Jovian Planets

Beyond our Solar Systems’ first asteroid belt, four massive Planets are located. These are known as the Outer or Jovian Planets. Jovian Planets are any Jupiter-like Planets which means that in our Solar System, these four Planets are known as Jupiter, Saturn, Uranus, and Neptune. These Planets are known as the Gas (Jupiter/Saturn) or Ice (Uranus/Neptune) Giants of our Solar System.

Characteristics of a Jovian Planet:

  • Made of gasses, primarily hydrogen and helium with varying amounts of other elements.
  • They don’t have a solid surface.
  • Are further from our Sun so they are considerably colder than the Terrestrial Planets.
  • They have lots of Moons. This is because they all have stronger gravitational forces that dominate a large area, making it easier for them to capture objects and keep them in a stable orbit around the Planet.
  • Are not habitable or suitable for life as we know them.
  • Have rings that surround the Planets. These rings are made up of ice, rock, and dust particles.
  • They all have fierce winds and storms.

They are a lot bigger than Terrestrial Planets. Jupiter is roughly 11 times larger than Earth, Saturn roughly nine times larger, Uranus and Neptune are both roughly four times larger than Earth


Named after the King of the Gods (Roman), he is the fifth planet from the Sun. He has the largest Moon in the Solar System. Ganymede is larger than Mercury. If it was orbiting our Sun rather than Jupiter, it could have been classed as another Planet, rather than as a Moon. It is also the only moon known to have its own magnetic field.  The European Space Agency is planning on launching a probe in 2023 to increase our understanding of Jupiter and three of his icy Moons – Ganymede, Callisto, and Europa. The Jupiter Icy Moons Explorer (JUICE) mission is looking at these Moons as they are all thought to have significant amounts of water beneath their surfaces, which could potentially make them habitable and possibly support life.


Named after the God of Agriculture (Roman). The father of Jupiter. The sixth planet from the Sun. Saturn is known for his bright, beautiful rings. Did you know that he is slowly losing his rings? Don’t worry it will take millions of years for this to happen. Nasa scientists have confirmed that Saturn’s rings are slowly being pulled towards the Planet. His powerful magnetic field pulls this ring rain of dusty, ice particles, enough to fill an Olympic-sized swimming pool towards the Planet every thirty minutes. It does make you wonder if the other Jovian Planets once had rung as impressive as Saturn’s that have slowly been pulled towards their respective Planets leaving the smaller, less impressive rings we find around them today.


Named after the God of the Sky (Greek). The seventh planet from the Sun.  He is the only planet named after a Greek God.  His name comes from the Latinized version of Ouranos, the grandfather of Zeus (Greek version of Jupiter), and the father of Cronos (Greek version of Saturn).   One of the earliest recorded sightings of Uranus was by John Flamsteed in 1690 but he thought it was a star and called it 34 Tauri.  It was William Herschel in 1781 using a homemade telescope that it was confirmed that this star was in fact a Planet making him the first Planet to be found using a telescope and the first planet discovered since ancient times.  Uranus is tilted at 98 degrees (Earth is 23 degrees). Scientists think that this is a result of a massive object, colliding with him, billions of years ago. They also think that this impact may be responsible for some of the Planets Moons.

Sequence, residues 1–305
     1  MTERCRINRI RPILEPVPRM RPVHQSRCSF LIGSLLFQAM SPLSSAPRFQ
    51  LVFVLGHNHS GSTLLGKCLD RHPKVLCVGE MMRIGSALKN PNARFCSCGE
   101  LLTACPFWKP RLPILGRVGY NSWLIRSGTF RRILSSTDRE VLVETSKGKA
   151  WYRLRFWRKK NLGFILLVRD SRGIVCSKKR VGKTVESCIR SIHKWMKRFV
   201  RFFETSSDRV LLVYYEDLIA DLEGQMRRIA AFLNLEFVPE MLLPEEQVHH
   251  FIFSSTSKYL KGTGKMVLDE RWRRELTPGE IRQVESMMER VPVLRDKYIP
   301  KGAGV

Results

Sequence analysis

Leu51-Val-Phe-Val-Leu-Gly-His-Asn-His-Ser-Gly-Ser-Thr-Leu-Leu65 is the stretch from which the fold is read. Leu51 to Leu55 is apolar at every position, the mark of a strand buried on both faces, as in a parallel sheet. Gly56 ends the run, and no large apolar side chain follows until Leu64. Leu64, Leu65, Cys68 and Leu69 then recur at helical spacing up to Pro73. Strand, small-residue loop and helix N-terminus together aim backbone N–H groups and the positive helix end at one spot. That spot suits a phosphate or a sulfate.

Named after the God of the Sea (Roman). The eighth and last planet in our Solar System. The only spacecraft to have visited Neptune is Voyager 2 in 1989. It took Voyager 2 to twelve years to reach Neptune.  It studied Neptune’s rings, and atmosphere and also captured some spectacular pictures of a tempestuous world. One of the most unexpected things Voyager 2 discovered was a Great Dark Spot, a fierce rotating storm system, similar to Jupiter’s Great Red Spot. Unlike Jupiter’s Spot, a storm that has been raging for centuries Neptune’s storm spots have much shorter lives. When the Hubble Space Telescope observed Neptune in 1994, they noticed that the spot was gone.  Scientists think, that if the storms move too close to the Planets equator it causes them to dissipate. The Hubble Space Telescope has since found and observed other dark spots in Neptune’s Northern Hemisphere. It’s still unclear how these spots form.

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About the Author:
Emma Summers

Emma Summers

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